Gordon Lightfoot Book, Music and More!

The home of music journalist Nicholas Jennings, author of Lightfoot, the definitive new Gordon Lightfoot biography from Penguin Random House.

Obituary: Paul White

PaulWhite-Beatles-LynnBall Capitol Records Canada executive Paul White (second from left) with the Beatles, Toronto, September 1964. Photo by Lynn Ball.
He’s the man who first brought the Beatles’ music to Canada—almost a full year before America embraced Beatlemania. He then opened the doors for other British Invasion acts and went on to sign the first wave of Canadian pop artists during the 1960s, including Anne Murray and Edward Bear, in his capacity as Capitol Records’ artists & repertoire executive in Canada. When Paul White died on March 13, after a cardiac arrest, the music industry mourned the loss of a jovial gentleman and creative trailblazer. Along with issuing Beatles’ singles, beginning with “Love Me Do” on February 18, 1963 and hitting number one with “She Loves You” by the end of the year, White designed and compiled sever...
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Obituary: Skip Prokop

Skip-ArtUsherson Skip Prokop performs with Lighthouse at the Ontario Place Forum in 1972. Photo by Arthur Usherson.
Skip Prokop was one of Canada’s first major rock stars, a world-class drummer and talented songwriter who co-founded the groundbreaking jazz-rock band Lighthouse, which earned international acclaim in the 1970s. His death on August 30, after a long battle with heart disease, sparked an outpouring of tributes from the music world. Prokop got his start with the Paupers, an innovative Toronto rock quartet that took New York by storm in March 1967 and became the first Canadian band to land a U.S. album deal. He then recorded with Janis Joplin, performed with Cass Elliot and Carlos Santana and became greatly admired for his session work with Peter, Paul & Mary and Al Kooper and Mike...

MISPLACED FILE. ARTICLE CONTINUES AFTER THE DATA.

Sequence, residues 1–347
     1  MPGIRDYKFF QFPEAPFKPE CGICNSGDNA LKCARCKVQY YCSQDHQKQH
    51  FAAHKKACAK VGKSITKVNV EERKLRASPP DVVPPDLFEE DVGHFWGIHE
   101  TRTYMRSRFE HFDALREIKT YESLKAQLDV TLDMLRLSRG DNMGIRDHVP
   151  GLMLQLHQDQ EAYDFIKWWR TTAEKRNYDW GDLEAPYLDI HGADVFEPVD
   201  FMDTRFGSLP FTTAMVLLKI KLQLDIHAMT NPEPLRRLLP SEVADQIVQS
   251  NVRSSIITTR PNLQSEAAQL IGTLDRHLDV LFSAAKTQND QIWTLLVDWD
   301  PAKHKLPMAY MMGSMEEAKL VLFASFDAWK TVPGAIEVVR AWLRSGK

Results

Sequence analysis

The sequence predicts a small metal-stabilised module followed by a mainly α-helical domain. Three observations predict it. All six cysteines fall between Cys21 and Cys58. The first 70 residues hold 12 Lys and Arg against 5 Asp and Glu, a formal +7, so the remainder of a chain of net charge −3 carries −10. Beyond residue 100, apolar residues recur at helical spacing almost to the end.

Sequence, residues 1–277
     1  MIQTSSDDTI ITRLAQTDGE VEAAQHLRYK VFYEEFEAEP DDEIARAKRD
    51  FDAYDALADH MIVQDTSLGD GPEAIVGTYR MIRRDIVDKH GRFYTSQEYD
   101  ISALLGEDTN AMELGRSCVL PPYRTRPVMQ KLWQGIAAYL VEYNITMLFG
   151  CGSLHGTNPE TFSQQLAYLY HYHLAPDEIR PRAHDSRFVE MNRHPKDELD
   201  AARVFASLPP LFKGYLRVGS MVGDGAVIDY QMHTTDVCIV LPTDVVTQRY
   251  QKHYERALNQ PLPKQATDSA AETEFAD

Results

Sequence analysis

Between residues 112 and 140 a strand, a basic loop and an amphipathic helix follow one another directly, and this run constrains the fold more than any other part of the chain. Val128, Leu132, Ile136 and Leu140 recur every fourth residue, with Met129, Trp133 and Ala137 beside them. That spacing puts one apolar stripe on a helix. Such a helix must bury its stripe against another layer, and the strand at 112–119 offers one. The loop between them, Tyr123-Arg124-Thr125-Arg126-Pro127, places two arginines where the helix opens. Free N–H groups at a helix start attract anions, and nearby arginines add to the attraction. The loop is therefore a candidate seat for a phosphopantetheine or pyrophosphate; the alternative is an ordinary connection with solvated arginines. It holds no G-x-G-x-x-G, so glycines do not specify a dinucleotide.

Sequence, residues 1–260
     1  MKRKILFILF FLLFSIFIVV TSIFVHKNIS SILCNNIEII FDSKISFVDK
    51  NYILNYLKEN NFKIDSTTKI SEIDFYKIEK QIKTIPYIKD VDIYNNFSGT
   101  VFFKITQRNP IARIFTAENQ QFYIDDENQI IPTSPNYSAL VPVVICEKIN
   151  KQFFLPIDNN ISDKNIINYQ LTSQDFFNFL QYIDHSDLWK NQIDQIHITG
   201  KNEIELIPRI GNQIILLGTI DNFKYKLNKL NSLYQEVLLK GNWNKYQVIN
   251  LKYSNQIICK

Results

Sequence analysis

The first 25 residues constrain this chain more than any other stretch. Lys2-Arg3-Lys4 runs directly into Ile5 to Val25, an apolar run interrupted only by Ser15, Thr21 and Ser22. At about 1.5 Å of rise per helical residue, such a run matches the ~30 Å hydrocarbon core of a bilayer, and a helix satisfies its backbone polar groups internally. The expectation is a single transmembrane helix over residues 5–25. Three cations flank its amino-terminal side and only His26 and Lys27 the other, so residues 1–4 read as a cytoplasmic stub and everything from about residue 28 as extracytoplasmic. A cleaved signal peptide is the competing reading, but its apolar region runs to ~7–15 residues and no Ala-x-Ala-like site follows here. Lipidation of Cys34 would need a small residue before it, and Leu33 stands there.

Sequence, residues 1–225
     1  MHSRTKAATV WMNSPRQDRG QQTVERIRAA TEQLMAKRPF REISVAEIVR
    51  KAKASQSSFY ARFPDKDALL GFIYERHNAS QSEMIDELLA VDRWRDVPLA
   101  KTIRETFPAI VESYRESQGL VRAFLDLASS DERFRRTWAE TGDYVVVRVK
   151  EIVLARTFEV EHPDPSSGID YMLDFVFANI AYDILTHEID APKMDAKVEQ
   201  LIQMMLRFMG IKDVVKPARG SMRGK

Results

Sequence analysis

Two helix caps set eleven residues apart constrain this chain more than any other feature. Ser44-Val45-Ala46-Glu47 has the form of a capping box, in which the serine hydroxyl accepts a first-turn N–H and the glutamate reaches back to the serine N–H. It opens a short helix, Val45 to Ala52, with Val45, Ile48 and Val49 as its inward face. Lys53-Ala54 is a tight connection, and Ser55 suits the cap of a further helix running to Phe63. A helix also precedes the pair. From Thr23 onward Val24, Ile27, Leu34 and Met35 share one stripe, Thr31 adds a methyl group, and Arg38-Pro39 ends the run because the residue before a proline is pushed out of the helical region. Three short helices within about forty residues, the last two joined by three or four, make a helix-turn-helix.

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Obituary: Billy Bryans

Obituary: Billy Bryans
Billy Bryans was best known as the drummer and founding member of the Parachute Club, the Juno Award-winning political rock group famous for its anthemic hit “Rise Up.” But his credits and contributions ran much deeper and he may ultimately be remembered as a cultural bridge builder who changed the sound of Canadian music. As a musician, Bryans performed and recorded with bands across the musical spectrum, from rock and blues to punk and African styles. At the height of the new wave era, playing in several groups at once, he was often seen pushing his drum kit on a trolley from club to club along Toronto’s Queen Street. His work as a record producer was equally eclectic, working with everyon...
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